Alicia also shares an example of how Elsevier and the University of Florida are working together to expand access to researchers’ works.

Using our new API service on ScienceDirect the University of Florida can pull metadata and abstracts from all of its researchers going back to 1949 into their institutional repository. This immediately gives their IR a much stronger position to showcase the University’s total research output.

Correcting the assumption that green OA is a cheaper form of OA publishing than gold OA, she explains:

I think there’s a widely held misunderstanding that green OA is free or less expensive. Green OA is how you make a subscription article open access – and you do it by making a version of the article freely available. That is why there are embargo periods, and rules about which version you share. The green OA model is symbiotic with the subscription business model.

To make the point on green OA not being a free form of OA publishing, she refers to a recent analyses by the Max Planck Digital Library.

Max Planck Digital Library in Germany recently published a proposal in which thought through how to do a global switch from subscription model green open access to gold. We dug into their numbers a bit, and what they reveal is that the total systemic cost would not be any greater in a full gold OA world. Interestingly enough, for the United States, the total contribution in a fully gold OA world would be less than its total contribution in a subscription world.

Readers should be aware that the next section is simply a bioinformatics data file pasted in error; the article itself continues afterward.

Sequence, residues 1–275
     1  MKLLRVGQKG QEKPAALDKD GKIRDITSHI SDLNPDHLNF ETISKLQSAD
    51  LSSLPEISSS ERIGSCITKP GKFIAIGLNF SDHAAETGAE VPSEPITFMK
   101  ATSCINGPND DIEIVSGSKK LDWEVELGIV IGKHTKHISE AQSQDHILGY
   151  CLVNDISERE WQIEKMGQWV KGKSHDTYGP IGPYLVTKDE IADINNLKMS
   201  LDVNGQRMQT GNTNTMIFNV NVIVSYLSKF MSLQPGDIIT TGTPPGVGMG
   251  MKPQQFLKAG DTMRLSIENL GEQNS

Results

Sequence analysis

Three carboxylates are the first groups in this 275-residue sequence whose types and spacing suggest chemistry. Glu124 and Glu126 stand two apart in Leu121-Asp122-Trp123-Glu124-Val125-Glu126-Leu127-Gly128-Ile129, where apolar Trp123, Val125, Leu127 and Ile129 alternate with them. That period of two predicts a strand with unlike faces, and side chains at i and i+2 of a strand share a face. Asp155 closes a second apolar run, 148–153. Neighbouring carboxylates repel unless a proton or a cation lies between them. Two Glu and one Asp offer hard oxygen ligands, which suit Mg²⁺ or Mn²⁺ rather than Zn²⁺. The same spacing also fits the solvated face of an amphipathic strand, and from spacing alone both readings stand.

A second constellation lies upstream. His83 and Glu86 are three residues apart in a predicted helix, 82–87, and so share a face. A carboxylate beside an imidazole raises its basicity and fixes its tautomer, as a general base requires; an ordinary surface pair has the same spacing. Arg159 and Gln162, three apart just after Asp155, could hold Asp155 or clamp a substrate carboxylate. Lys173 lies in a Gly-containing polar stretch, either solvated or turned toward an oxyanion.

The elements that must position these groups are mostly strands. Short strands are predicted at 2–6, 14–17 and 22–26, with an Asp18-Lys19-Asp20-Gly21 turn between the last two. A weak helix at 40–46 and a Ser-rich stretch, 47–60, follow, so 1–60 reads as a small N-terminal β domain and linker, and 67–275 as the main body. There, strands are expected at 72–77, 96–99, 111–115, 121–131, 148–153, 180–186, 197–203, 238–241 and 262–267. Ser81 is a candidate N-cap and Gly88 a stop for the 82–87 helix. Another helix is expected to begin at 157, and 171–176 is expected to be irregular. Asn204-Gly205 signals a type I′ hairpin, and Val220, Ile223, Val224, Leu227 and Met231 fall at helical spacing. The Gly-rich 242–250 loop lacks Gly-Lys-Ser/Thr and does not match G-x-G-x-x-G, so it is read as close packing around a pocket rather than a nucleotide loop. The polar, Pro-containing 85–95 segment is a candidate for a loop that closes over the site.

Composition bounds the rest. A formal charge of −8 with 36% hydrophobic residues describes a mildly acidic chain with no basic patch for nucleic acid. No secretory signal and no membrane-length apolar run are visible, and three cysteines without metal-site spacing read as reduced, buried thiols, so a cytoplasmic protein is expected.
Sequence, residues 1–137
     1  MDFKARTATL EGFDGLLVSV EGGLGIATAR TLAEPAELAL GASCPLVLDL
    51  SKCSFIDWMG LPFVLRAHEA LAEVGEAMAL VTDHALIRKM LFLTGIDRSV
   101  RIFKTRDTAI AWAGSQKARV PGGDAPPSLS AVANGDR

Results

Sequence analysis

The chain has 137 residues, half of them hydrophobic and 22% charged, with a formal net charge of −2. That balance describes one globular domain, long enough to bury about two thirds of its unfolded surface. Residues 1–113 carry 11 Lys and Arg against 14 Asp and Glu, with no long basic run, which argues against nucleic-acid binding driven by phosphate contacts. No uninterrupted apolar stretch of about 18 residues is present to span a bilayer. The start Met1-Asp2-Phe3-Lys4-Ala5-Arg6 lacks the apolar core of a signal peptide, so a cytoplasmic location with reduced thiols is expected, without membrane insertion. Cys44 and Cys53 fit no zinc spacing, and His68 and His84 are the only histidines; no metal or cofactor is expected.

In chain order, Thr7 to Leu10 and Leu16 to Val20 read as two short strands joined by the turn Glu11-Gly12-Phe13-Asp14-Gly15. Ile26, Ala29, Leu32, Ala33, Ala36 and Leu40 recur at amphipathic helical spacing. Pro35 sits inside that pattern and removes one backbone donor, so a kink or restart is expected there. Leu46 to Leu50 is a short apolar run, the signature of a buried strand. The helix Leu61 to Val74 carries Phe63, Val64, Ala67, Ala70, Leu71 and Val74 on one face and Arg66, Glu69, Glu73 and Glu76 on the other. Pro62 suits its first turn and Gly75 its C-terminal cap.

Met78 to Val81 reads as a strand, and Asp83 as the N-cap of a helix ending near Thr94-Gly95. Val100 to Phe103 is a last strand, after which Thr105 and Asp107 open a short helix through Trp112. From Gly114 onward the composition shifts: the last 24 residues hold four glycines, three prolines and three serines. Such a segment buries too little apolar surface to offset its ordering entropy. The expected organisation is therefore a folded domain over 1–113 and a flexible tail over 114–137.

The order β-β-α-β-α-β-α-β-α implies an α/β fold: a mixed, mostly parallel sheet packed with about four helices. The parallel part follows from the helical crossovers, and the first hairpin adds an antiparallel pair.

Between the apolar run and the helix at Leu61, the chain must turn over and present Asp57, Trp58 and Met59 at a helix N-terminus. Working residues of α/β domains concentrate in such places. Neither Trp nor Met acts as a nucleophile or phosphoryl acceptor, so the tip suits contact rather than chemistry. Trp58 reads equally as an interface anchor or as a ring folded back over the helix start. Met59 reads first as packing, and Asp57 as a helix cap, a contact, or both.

On access for developing countries – Alicia summarizes what’s available:

There is a lot access to journal and book content in the 106 least developed countries in the world because of a program called Research4Life – and I think this is a widely unknown fact. A lot of researchers are concerned about peers in developing countries not having access. They do in fact have terrific access, or at least the possibility to have access to it.

Alicia Wise

Alicia Wise, PhDAs Director of Access and Policy for Elsevier, Dr. Alicia Wise (@wisealic) is responsible for delivering Elsevier's vision for universal access to high-quality scientific publications. She leads strategy and policy in areas such as open access, philanthropic access programs, content accessibility, and access technologies. Based in Oxford, she has a PhD in anthropology from the University of North Carolina at Chapel Hill.


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Elsevier Connect Contributor

Sacha BoucherieSacha Boucherie is the Access & Policy Communications Manager at Elsevier, based in Amsterdam. She is responsible for helping to communicate Elsevier's progress in areas such as open access, universal/philanthropic access programs and access technologies.